And, where does it say that disabled people can’t volunteer or go out to work? To start with, PIP and DLA are welfare payments made to disabled people to help them with the extra costs their impairments cause. DLA and PIP were designed to help put disabled people onto a level playing field with their non-disabled compatriots. They are not a payments that are based on our diagnoses, they are based on our need for some help with our day to day lives. We don’t all have something that marks us out from the rest, a label which says ‘genuinely disabled’ hanging round our necks. More often than not there is nothing special about us to distinguish us at all.  And this leads on to the second myth my original poster and secondary responders were expounding, that DLA and PIP cannot be paid to disabled people who are in work. The extra costs disabled people can incur don’t go away with the arrival of a pay cheque. Someone who is unable to use public transport and has to catch a cab everywhere they go when they are unemployed is still going to have to call a cab to go places after they get a job. They will not, magically, get better the minute they sign an employment contract. Miracle cures don’t work like that or we would all be out there hammering on the doors of recruitment agencies begging for work.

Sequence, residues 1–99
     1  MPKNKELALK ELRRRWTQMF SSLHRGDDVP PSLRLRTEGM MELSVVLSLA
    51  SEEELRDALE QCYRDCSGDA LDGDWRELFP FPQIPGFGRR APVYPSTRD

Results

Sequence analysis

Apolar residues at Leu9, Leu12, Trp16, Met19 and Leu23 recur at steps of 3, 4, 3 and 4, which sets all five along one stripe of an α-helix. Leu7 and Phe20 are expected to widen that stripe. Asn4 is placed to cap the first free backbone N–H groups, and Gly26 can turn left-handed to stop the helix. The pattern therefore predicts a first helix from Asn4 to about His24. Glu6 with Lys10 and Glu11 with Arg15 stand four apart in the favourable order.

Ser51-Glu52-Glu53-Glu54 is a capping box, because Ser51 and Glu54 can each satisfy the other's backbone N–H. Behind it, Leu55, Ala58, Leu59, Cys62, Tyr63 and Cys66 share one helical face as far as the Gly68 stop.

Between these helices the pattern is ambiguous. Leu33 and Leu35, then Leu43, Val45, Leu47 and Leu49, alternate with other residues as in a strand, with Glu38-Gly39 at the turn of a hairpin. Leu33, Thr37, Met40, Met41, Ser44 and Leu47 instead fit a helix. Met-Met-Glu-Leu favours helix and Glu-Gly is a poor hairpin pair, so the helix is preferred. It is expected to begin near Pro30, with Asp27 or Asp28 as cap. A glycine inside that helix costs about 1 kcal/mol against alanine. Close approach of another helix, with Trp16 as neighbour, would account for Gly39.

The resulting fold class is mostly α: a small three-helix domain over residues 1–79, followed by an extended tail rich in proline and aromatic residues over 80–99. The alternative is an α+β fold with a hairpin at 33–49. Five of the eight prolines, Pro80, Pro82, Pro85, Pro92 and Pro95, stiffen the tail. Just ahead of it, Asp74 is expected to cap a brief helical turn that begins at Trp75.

Genuine disabled people don’t wear badges and there is nothing that says that disabled benefit claimants don’t need a little bit extra from public funds to put them on a level playing field, even if they do work. People who post comments on Social Media really do need to think twice and do a bit of research before they hit the enter key. What, at first glance, may look to be unfair usually isn’t. Disabled People are not money grabbing crooks, we’re just people who are trying to make the best of the difficult situation we have found ourselves in, often through no fault of our own. Disparaging and thoughtless comments and social media posts don’t help. If you’re not sure, do a little research, you may learn something and void hurting someone who has done nothing to hurt you. Most people aren’t crooks and should be treated with consideration, however much some social media users may like to believe they are.